Ever just felt done? Done with people and relationships? This entire year of 2011 had been a troubled year of broken promises, relationships and the dealing with unexplained illnesses. Today, I took in a deep breath and muttered, “I’m done.”
I have found I am more content inside my home, in my favorite sweats, hair in a bun, working on articles, school work or the never-ending manuscript. I love my daycare kids and working on our art projects and taking long walks. What I have come to loathe is the dynamics between groups of people and how and where I fit in. I never really thought about fitting in because my huge ego automatically thinks I do, so I don’t question it. It’s either that-or the hard truth that I don’t really care.
What happens when you are in a ward and the friendships aren’t real? Gossip is everywhere, hypocrisy is spreading, and the friends you thought you had only viewed you as a ‘project’?
A few months ago, a friend and I shared a day together which included lunch and shopping. Nothing specatacular happened, certainly not newsworthy, but of course, one incident has seemed to make the rounds. (Totally G-rated, legal and actually, boring.) I found myself getting my ghetto on last night when accused of something I didn’t do by a very well known pot-stirrer (I’ll never learn with this one!) and today I get a text by the friend that said she looks back on our day with regret.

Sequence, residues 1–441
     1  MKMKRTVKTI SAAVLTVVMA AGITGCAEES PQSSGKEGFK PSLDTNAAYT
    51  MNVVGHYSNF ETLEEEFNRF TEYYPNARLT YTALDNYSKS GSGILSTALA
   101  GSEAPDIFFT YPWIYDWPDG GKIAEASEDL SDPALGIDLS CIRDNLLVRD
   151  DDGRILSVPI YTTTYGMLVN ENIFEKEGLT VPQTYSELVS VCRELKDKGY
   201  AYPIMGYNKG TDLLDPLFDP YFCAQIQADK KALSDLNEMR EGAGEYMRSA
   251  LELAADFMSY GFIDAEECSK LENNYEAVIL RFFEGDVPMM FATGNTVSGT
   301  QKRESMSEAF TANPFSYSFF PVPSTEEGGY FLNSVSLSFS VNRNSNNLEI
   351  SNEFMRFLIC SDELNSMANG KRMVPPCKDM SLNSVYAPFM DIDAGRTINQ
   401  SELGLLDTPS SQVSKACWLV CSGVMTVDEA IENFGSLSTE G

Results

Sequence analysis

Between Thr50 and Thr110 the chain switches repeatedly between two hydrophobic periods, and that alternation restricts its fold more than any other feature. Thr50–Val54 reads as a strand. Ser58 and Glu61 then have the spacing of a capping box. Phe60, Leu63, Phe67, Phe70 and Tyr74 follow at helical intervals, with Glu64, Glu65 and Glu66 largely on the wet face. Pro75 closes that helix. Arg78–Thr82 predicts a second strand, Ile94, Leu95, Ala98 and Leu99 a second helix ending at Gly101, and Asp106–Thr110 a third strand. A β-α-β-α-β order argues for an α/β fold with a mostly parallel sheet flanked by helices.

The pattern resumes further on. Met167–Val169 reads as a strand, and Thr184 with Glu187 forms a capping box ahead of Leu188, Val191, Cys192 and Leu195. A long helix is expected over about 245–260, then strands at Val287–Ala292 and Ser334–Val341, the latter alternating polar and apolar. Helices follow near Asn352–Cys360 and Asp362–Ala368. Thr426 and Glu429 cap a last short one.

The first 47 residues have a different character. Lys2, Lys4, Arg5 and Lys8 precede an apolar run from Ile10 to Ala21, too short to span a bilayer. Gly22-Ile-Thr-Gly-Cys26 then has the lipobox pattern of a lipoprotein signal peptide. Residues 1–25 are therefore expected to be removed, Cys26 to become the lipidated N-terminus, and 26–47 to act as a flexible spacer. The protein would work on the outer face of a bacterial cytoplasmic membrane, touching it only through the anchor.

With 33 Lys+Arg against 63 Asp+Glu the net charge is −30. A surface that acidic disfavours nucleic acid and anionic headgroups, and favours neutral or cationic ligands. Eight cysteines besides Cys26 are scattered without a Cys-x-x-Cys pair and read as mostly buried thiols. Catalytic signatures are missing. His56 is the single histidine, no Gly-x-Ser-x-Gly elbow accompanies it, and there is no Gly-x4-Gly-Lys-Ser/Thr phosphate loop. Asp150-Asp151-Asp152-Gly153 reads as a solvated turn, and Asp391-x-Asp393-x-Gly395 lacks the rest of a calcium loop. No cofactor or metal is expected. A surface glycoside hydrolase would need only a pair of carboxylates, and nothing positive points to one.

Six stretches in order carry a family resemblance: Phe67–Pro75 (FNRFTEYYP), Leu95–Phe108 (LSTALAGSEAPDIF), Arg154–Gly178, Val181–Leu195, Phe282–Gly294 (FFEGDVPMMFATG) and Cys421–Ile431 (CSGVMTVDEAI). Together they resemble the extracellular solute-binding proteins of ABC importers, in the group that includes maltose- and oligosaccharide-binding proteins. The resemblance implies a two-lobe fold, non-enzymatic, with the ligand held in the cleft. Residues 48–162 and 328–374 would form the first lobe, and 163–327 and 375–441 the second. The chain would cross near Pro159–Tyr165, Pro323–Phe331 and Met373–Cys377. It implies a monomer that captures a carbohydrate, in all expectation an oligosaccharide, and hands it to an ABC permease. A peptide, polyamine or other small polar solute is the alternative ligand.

It isn’t only the gossip in which has gotten me down. It is also the hypocrisy. Don’t do something you can’t own up to. You do it, own it. But don’t play it off as if the other people who have done it are less ‘Christian’ than you because they’re not lying about it.
I want to permanently remove myself from my ward. No longer do I feel a part of the ward family and I was quite comfortable with my decision. I began to bemoan the fact that unlike other denominations, I couldn’t just switch to another congregation. Across town. In another state, perhaps.
Of course, my phone rings.
Voice of reason on the other end.
“Take a break,” she says. “I get that. But do not let this rob you of your right to receive your spiritual time on the Sabbath. Don’t let it rob you of your desire to go to church. With or without hypocrites and gossipers.”
In every church, there is going to be your ‘drama’. It’s the Adversary’s way of creating havoc amongst God’s people. I know this, I get it. However, sometimes, even knowing the logic behind it, a person can only take so much before they finally say, “I’m done.”
Elder Harold B. Lee made a comment at a Branch Conference in a small town in Texas in November of 1942 which I stumbled across whilst writing this entry: He said, “Be kind, forgiving and overlook the faults of others.”
The reality is everyone at one point or another says unkind things about others. (Raising hand! Guilty.) It does feel as if I’m being singled out (big ego) yet, logically, I know this is not true. I know by shifting my focus from this useless crappola of drama and focusing on the Lord and care only what He thinks about me, I’ll be a much happier and content person.
I’m done with the offensive ghetto-smack down attitude wanting to take down whoever pisses me off. It’s not worth it and it is simply not the legacy I want to leave behind.
Does this mean I’m going to be a doormat for people to stomp on? Um, No.
It does mean I will treat people with kindness, rather than showing offense by things they say (or don’t say) and treat them in such a way that it will merit their respect, not their fear.
Simply put: I’m done.